A tremendous undertaking, The Lord of the Rings trilogy was Peter Jackson’s labor of love, bringing to the screen one of the most epic pieces of fantasy literature ever written. The struggle to stay true to the narrative and themes of the book while also making it palatable for mass audiences was one Jackson was more than capable of undertaking. This was justly awarded by the Academy with numerous Oscar nominations over the course of a three-year release window and then honoring the achievement of all of the films with a clean sweep of awards in 2003 for The Return of the King, winning all eleven of its nominations.
The three films were developed in tandem and largely filmed at the same time to ensure that the look and feel of the film was consistent across all three chapters with the building dread slowly infusing the image as it progressed with the brighter, happier vistas depicted in the first film slowly giving way to the dark and sinister dangers the world of Middle Earth would face in increasingly threatening ways as the series progressed. There was no element of this massive trilogy that wasn’t a incredible success, from the production design to the costuming and the makeup and effects, this was a film that was not just a sum of its parts, but a combination of efforts that built on top of one another to create a singular achievement. Without this film, today’s successes for films and TV series like Game of Thrones and Watchmen might not have been possible as Jackson helped show that the risk aversion to fantasy literature was nothing to fret about.
12 Years a Slave (2013)
As Spielberg’s Schindler’s List did for the Holocaust, Steve McQueen’s haunting adaptation of Solomon Northrup’s autobiographical novel takes the audience behind the scenes of plantations in the Deep South where a free man from the north, Northrup (Chiwetel Ejiofor), is sold into slavery where he struggles against a brutal and disbelieving culture that forces him to serve in spite of his insistence that he is not a slave. Through his interaction with fellow slaves, including Lupita Nyongo’s Patsey, he comes to understand how dire a situation there is in the South and thereby he struggles not just for his own freedom, but for the freedoms of others who were not tricked into enslavement, but were born into it.
McQueen’s harrowing depiction of the south is reminiscent of that which formed the foundation for the miniseries Roots. While that production was wildly popular in the 1970s, it did little to advance the cause of freedom for Black Americans as the 1980s progressed and their tenuous acceptance by society as a whole began to crumble. 12 Years a Slave is another attempt to bring these atrocities to the attention of younger audiences in hope that the slow advancement of human rights doesn’t get bogged down by a generation raised on white dominance. The simple scenes of Patsey being whipped for daring to obtain soap from a neighboring plantation when she’s given none of her own and of Northrup being hanged by the neck from a tree in a position that was more torturous than deadly, but which might bully him into not contradicting the orders of his supervisors.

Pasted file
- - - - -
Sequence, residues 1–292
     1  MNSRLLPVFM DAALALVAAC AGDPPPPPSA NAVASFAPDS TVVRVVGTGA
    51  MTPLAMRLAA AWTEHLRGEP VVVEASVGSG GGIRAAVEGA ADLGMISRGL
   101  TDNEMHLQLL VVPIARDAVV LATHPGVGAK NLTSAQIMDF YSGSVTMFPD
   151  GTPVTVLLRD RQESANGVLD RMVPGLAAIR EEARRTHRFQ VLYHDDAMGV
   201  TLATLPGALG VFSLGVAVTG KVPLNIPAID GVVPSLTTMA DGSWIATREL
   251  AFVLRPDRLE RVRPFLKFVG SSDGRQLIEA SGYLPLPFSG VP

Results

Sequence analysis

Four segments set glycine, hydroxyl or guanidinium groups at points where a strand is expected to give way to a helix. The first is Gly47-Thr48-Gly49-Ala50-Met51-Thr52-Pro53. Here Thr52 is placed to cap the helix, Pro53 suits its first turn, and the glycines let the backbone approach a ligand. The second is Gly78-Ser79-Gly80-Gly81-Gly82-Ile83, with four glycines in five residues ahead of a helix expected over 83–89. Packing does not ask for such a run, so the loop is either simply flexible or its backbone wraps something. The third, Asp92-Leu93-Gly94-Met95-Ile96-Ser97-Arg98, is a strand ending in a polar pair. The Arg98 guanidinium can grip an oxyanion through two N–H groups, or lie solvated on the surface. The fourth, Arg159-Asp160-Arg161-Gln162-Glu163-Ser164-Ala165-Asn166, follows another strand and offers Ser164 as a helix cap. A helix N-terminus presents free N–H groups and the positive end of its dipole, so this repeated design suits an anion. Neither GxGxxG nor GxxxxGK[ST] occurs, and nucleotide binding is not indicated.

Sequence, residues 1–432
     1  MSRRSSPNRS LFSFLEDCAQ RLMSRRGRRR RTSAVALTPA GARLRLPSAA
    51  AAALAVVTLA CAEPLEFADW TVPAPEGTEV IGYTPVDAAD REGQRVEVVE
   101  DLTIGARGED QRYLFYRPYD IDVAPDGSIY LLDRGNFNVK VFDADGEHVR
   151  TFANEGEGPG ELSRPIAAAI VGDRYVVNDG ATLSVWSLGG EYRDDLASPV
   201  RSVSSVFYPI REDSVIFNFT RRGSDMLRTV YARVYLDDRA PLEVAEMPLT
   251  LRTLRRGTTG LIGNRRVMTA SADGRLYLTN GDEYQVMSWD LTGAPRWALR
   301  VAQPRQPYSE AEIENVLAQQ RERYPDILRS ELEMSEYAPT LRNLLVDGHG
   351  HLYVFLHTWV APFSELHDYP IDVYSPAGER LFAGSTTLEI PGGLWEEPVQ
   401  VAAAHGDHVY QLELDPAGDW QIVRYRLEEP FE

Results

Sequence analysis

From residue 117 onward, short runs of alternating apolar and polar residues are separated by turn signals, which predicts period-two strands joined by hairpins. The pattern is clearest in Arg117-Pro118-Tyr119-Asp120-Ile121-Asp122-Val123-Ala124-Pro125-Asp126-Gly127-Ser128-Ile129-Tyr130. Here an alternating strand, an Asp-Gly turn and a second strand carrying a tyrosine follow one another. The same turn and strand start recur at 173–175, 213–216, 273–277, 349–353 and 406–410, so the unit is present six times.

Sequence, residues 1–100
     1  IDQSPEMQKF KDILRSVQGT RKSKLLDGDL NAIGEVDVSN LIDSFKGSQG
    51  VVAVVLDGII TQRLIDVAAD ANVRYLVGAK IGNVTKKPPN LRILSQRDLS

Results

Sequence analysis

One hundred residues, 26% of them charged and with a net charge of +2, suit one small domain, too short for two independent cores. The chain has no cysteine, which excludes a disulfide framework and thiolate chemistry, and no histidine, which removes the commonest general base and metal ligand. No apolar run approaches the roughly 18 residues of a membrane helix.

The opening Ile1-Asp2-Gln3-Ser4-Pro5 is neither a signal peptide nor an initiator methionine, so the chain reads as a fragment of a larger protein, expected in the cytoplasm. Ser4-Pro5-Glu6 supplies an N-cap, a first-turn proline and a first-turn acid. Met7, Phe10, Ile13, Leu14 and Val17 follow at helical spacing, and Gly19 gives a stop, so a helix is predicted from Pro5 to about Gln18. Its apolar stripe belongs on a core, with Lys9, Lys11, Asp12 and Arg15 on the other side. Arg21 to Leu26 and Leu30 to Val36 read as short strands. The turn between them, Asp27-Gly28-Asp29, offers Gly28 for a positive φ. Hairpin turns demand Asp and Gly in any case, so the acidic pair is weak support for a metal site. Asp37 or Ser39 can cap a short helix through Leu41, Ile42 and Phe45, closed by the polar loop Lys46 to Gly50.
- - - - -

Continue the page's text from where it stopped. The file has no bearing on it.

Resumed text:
These scenes, across a film of blistering rebukes of white slave owners and even supposed white saviors, help present the horrific history of slavery in the United States to an audience that needs constant reminder of where we’ve come from and just how far we still have to go. The harrowing experience of watching this film is what makes it so crucial an effort and in significant need of support and recognition.
Best Picture Oscar Losers
Now, we take a look at the Oscar losers I loved. As always, I start with the list of favorite losers that didn’t make the cut. They were: I Am a Fugitive from a Chain Gang (1932/33), Lost Horizon (1937), Grand Illusion (1938), The Wizard of Oz (1939), Foreign Correspondent (1940), Citizen Kane (1941), The Magnificent Ambersons (1942), Gaslight (1944), It’s a Wonderful Life (1946), Sunset Blvd. (1950), A Place in the Sun (1951), Giant (1956), 12 Angry Men (1957), Witness for the Prosecution (1957), Auntie Mame (1958), The Diary of Anne Frank (1959), Dr. Strangelove (1964), Mary Poppins (1964), Doctor Zhivago (1965), Who’s Afraid of Virginia Woolf? (1966), Bonnie and Clyde (1967), Z (1969), The Exorcist (1973), Jaws (1975), Nashville (1975), Star Wars (1977), Raiders of the Lost Ark (1981), Reds (1981), E.T. The Extra-Terrestrial (1982), The Color Purple (1985), The Crying Game (1992), Pulp Fiction (1994), Babe (1995), Secrets & Lies (1996), The Thin Red Line (1998), Crouching Tiger, Hidden Dragon (2000), The Lord of the Rings: The Fellowship of the Ring (2001), The Lord of the Rings: The Two Towers (2002), Lost in Translation (2003), The Aviator (2004), There Will Be Blood (2007), The Curious Case of Benjamin Button (2008), District 9 (2009), Up (2009), Inception (2010), Her (2013), Selma (2014), Brooklyn (2015), Mad Max: Fury Road (2015), Call Me by Your Name (2017), Black Panther (2018), and The Favourite (2018).
That’s a long list with a lot of great titles on it and while I have frequently cited the likes of Citizen Kane, The Lord of the Rings trilogy, and others, I changed things up a bit with the below list, an eclectic bunch that span the last fifty years with more than half coming in the last two decades. So, without ado, here are my five favorites.
A Clockwork Orange (1971)
2001: A Space Odyssye and Dr. Strangelove are undeniably great films and while some say they are Stanley Kubrick’s best, I think A Clockwork Orange took his affinity for shocking observations and amped up that horror in a film that’s as challenging to watch as it is to understand its motives. In A Clockwork Orange, Alex DeLarge (Malcolm McDowell) is an ultra-violent street punk who, along with his mates, the Droogs, goes on a spree of violence across London, culminating in the brutal assault, rape, and murder of a young woman while her husband watches helplessly. The film then progresses to the arrest and attempted rehabilitation of ringleader Alex.
McDowell is sensational as a carefree teen who must watch in silent horror as a harsh brainwashing technique is used to insure that he is no longer a threat when released. It’s this segment of the film that demands the audience recognize torture in all its forms and realize that the punishment is no less violent than the crime itself and to ask whether such efforts are humane or appropriate. As the young man is finally released into the world, his new aversion to violence ultimately makes him defenseless such that society itself, without having been reformed alongside him, is now a more hostile environment than it was going in.